The arrangement of characters on a QWERTY keyboard was designed in 1868 by Christopher Sholes, the inventor of the typewriter. According to popular myth, Sholes arranged the keys in their odd fashion to prevent jamming on mechanical typewriters by separating commonly used letter combinations.
This keyboard is designed for programming. It can be used in any computer language that uses Unicode symbols. However it is optimized for Bee programming language. So it is called Bee Keyboard. A similar keyboard was invented
If you compare this keyboard with a classic keyboard you can see several significant differences in symbol positions. These differences makes Bee-12 particular productive for multiple computer languages. In next analyses I will use term “secondary” to express the key combination between any required “control key” and a “primary key” pressed the same time.
- The firs key before “1”, has primary negation symbol Unicode: “¬” while “`” and “~” are secondary,
- Key “1” have secondary symbol Unicode bullet: “•” and electric “↯” instead of “!” that is on key 9;
- Symbols : , . ; / ( ) are particular frequent in all computer languages. Therefore these symbols are primary.
- The most frequent parentheses are by far (…) in mathematics and functional languages. I have used secondary “shift” based position for [ ]. This is much faster to find than key Shift+9 and Shift+0 used on normal keyboards.
- Equal sign “=” and underscore “_” are frequent. I have used combination Shift+Enter and Shift+Space-bar to produce these two symbols.
- Single quote and double quotes are having the same importance, so they are produced by “Alt+:” and “Alt+;“, very close to the enter key.
- Symbols ” @ # $ % ^ & ! ? | \” are less frequent so these symbols are all secondary “Alt” based, not “Shift” based as on the normal keyboard. This is a significant difference. The “↑shift” key will produce superscript while “shift↓” will produce subscript symbols.
Bee 12 has 4 x 2 control keys. Each control key is duplicated for left and right hand.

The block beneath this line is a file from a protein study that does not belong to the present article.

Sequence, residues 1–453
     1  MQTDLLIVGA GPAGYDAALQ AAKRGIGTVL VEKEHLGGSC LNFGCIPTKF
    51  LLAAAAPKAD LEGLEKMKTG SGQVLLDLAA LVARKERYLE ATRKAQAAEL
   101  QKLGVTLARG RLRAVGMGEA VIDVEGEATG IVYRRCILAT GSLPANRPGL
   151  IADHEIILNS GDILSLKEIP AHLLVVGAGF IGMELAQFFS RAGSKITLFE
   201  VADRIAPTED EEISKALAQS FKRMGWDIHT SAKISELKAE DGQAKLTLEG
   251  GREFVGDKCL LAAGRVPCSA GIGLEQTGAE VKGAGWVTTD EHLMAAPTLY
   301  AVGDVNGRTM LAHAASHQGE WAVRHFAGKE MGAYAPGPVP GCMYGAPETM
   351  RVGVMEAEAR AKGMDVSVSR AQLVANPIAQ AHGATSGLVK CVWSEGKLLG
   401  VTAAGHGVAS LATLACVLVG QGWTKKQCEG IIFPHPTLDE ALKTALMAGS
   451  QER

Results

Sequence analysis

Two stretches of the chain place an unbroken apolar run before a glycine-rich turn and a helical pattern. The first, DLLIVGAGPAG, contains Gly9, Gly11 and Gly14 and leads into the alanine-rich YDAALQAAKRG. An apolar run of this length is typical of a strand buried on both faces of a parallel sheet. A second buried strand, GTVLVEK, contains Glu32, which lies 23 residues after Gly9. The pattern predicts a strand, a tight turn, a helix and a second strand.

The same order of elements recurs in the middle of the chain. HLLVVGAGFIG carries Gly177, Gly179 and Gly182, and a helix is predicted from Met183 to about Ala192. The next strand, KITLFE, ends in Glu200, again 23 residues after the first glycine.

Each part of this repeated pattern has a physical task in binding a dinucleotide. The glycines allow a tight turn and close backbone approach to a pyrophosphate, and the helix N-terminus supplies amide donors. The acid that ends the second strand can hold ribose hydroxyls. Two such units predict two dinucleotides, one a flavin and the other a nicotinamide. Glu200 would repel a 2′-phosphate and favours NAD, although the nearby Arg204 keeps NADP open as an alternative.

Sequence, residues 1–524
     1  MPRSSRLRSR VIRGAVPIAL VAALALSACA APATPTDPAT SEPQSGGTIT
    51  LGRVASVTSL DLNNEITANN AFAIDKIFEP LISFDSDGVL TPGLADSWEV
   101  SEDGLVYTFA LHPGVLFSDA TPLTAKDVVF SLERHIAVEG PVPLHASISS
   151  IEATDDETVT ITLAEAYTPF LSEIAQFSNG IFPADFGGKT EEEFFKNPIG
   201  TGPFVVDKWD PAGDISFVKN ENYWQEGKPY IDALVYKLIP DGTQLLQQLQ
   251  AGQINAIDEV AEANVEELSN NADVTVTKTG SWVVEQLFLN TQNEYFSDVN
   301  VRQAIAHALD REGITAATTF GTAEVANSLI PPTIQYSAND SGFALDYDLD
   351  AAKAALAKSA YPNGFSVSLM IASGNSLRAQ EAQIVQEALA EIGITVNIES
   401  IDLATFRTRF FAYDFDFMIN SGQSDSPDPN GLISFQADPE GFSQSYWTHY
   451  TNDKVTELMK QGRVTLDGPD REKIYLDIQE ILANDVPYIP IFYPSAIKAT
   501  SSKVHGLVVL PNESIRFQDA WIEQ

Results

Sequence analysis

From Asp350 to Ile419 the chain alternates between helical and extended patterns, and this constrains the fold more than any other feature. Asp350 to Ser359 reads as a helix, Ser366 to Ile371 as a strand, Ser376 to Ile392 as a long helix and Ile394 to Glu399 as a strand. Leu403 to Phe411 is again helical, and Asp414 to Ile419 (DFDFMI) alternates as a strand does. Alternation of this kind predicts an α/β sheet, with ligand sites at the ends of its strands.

- Shift Super: will switch case for letters, create Unicode superscript for numbers “+” and “-“. This is useful for power. Bee support also negative power and simple expressions + & – on superscript.
- Shift Sub: will produce Unicode subscript for numbers. Depending on caps lock will create uppercase or lowercase subscript for letters. With keypad numbers will also produce subscript numbers. Shift Sub and functional keys F1…F12 will produce Unicode symbol found below Fn key. This is the only way to produce these symbols.
- Shift + enter: will produce symbol “=”. This symbol is also Alt+0 but is harder to reach for it.
- Shift + space: will produce underscore “_”. This symbol is also produced by Opt+/
- Shift + keys: ( ) , . ; / will create upper left secondary symbols the same as “Alt“key
- Control + shift sub will force uppercase subscript.
- Control + keypad number will navigate up, down, left, right regardless of Num-Lock.
- Alt – both left and right has same function. Used with any key will produce the secondary symbols from upper-left corner of the key.
- Opt – both left and right has same function. Used with any key will produce the secondary symbols from upper-right corner of the key.
- Opt – with W, A, S, D will produce actual Unicode arrows: ↑ ← ↓ → not navigation signals.
- Control + W, A, S, D will produce navigation signals: Up, Left, Down, Right.
- It has embedded LED in Caps Lock key;
- It has 5 edit keys to save pressing control+c and control+v two often;
- It has underline on the space-bar using any Shift key +Space will create “_”
- It has 4 LED switches: Caps Lock, Num Lock, Scroll Lock and Pause
This version has numeric keypad that can be converted in navigation keys using Num-Lock switch. The keys are reorganized compared with a classic keyboard it is much more compact.
Note: I will add more details about Unicode symbols created by each key. If you are interested in this keyboard please submit a support ticket or post a message on the forum with suggestions to improve the design.
See also: Bee language